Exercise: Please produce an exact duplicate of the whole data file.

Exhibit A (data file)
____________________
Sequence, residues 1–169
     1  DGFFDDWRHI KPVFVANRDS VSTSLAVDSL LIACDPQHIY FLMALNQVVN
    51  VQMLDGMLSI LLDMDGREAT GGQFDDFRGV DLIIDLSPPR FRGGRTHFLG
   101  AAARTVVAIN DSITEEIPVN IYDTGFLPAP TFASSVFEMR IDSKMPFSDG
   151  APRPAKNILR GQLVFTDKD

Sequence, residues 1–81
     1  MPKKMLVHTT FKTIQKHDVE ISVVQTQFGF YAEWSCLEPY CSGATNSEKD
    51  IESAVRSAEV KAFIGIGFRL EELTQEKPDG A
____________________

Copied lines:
Sequence, residues 1–169
     1  DGFFDDWRHI KPVFVANRDS VSTSLAVDSL LIACDPQHIY FLMALNQVVN
    51  VQMLDGMLSI LLDMDGREAT GGQFDDFRGV DLIIDLSPPR FRGGRTHFLG
   101  AAARTVVAIN DSITEEIPVN IYDTGFLPAP TFASSVFEMR IDSKMPFSDG
   151  APRPAKNILR GQLVFTDKD

Sequence, residues 1–81
     1  MPKKMLVHTT FKTIQKHDVE ISVVQTQFGF YAEWSCLEPY CSGATNSEKD
    51  IESAVRSAEV KAFIGIGFRL EELTQEKPDG A